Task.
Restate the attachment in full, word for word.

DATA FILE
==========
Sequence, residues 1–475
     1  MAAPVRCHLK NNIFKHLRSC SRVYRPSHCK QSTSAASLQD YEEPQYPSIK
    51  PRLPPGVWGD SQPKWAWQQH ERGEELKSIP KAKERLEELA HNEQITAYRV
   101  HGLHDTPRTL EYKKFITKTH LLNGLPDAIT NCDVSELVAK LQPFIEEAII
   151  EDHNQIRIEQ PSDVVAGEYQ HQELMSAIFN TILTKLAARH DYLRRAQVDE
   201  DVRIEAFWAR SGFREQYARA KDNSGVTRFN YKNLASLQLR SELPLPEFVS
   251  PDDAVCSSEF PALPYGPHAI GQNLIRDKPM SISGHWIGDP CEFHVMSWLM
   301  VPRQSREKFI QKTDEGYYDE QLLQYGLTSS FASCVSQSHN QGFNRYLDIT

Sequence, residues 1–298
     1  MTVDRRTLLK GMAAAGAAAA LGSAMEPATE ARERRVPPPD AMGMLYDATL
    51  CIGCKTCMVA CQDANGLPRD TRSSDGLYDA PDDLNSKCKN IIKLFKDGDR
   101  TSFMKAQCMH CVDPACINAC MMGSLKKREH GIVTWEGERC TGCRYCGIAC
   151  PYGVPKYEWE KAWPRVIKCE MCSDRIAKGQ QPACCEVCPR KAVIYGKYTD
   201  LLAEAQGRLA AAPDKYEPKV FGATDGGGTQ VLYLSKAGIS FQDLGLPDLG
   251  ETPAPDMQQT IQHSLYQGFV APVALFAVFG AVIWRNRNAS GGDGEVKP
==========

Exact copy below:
Sequence, residues 1–475
     1  MAAPVRCHLK NNIFKHLRSC SRVYRPSHCK QSTSAASLQD YEEPQYPSIK
    51  PRLPPGVWGD SQPKWAWQQH ERGEELKSIP KAKERLEELA HNEQITAYRV
   101  HGLHDTPRTL EYKKFITKTH LLNGLPDAIT NCDVSELVAK LQPFIEEAII
   151  EDHNQIRIEQ PSDVVAGEYQ HQELMSAIFN TILTKLAARH DYLRRAQVDE
   201  DVRIEAFWAR SGFREQYARA KDNSGVTRFN YKNLASLQLR SELPLPEFVS
   251  PDDAVCSSEF PALPYGPHAI GQNLIRDKPM SISGHWIGDP CEFHVMSWLM
   301  VPRQSREKFI QKTDEGYYDE QLLQYGLTSS FASCVSQSHN QGFNRYLDIT

Sequence, residues 1–298
     1  MTVDRRTLLK GMAAAGAAAA LGSAMEPATE ARERRVPPPD AMGMLYDATL
    51  CIGCKTCMVA CQDANGLPRD TRSSDGLYDA PDDLNSKCKN IIKLFKDGDR
   101  TSFMKAQCMH CVDPACINAC MMGSLKKREH GIVTWEGERC TGCRYCGIAC
   151  PYGVPKYEWE KAWPRVIKCE MCSDRIAKGQ QPACCEVCPR KAVIYGKYTD
   201  LLAEAQGRLA AAPDKYEPKV FGATDGGGTQ VLYLSKAGIS FQDLGLPDLG
   251  ETPAPDMQQT IQHSLYQGFV APVALFAVFG AVIWRNRNAS GGDGEVKP